The Cost of Not Having an Exit Plan

Do you have an exit plan for your business? Is your exit plan documented or something that’s just in your head as a future “to-do” activity? Do you periodically review your exit plan and measure your progress against the milestones? Every business owner should know these questions because only honest answers will help you determine the strategy towards your goal of a successful exit.

Having an exit plan does not mean that you must sell your business now. Instead, it means that your day-to-day management decisions support the end objective to exit and that you are focusing on tasks that matter for the success of your exit and future business continuity.

Building an exit plan is like planting a tree. Just like the Chinese proverb, “the best time to plant a tree was 20 years ago.” The next best time to plan for your future exit from the business is now. If you think you can wait until you need an exit plan or are on the verge of exiting your business, it’s already too late.

According to a survey conducted by the Exit Planning Institute, “only 20 to 30% of businesses that go to market sell; leaving up to 80% of those without solid options to harvest their wealth and ensure economic continuity into the next generation.”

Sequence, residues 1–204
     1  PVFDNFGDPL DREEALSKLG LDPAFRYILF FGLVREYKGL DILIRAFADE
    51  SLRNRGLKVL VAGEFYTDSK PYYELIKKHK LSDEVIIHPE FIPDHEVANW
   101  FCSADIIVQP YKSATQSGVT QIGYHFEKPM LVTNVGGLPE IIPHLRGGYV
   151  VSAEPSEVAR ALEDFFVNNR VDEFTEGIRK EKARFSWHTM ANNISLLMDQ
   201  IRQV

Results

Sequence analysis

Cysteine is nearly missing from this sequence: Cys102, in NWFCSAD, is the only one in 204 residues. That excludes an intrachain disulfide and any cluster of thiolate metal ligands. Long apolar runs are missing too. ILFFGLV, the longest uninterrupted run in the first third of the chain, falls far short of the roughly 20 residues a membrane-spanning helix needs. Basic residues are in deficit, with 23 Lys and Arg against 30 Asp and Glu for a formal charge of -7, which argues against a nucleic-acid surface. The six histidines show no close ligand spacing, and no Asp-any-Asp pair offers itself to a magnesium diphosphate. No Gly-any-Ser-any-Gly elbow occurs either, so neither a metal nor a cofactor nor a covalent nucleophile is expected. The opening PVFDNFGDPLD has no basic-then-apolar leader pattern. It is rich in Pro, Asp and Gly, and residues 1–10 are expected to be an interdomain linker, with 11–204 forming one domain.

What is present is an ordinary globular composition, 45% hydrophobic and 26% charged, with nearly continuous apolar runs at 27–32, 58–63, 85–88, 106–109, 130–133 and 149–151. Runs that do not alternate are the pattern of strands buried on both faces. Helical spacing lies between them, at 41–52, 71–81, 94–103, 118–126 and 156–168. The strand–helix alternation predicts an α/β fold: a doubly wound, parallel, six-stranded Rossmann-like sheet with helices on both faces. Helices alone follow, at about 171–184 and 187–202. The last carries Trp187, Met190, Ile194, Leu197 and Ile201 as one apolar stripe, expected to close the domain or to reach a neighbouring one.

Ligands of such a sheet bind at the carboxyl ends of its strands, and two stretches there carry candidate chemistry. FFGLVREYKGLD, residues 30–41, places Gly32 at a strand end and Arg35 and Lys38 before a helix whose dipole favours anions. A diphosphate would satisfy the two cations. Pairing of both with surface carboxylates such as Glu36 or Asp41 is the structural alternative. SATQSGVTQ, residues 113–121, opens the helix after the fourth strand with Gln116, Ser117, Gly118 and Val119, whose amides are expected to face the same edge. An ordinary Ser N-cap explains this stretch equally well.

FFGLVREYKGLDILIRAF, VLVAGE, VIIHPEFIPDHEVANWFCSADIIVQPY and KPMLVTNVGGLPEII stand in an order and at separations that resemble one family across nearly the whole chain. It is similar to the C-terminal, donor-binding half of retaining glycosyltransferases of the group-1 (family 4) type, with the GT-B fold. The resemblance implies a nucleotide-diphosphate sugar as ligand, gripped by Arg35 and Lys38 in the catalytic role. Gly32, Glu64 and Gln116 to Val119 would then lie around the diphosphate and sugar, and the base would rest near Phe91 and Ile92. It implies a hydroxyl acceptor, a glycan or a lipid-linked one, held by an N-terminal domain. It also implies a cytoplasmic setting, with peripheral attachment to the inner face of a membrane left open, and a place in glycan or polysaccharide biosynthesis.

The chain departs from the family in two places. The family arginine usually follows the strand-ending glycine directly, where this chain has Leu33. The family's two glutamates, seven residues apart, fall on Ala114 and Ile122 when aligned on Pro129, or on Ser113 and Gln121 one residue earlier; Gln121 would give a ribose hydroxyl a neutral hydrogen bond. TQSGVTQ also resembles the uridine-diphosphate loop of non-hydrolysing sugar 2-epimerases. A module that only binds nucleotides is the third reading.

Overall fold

This indicates that a business owner ready with an exit plan will have better chances of a smooth exit and a successful transition than one who is not prepared.

Related: Why Every Business Owner Needs an Exit Strategy?

Why should you plan for an exit well in advance?

Selling a business is not easy. There are several considerations when planning your exit strategy. You have to prepare for your future and ensure the company continues. This can be an intimidating process, but advanced preparation smooths the transition. Achieving a successful exit usually requires four to five years of lead time, so planning early is critical to success.

Most successful entrepreneurs plan early.

To be successful in business means that do not believe in winging it. A formal plan lays out the course of action of your business for the next five years. It will help you see how you measure up against your own goals and whether you’re even on track. It will also keep your business thriving, especially during challenging and unpredictable times.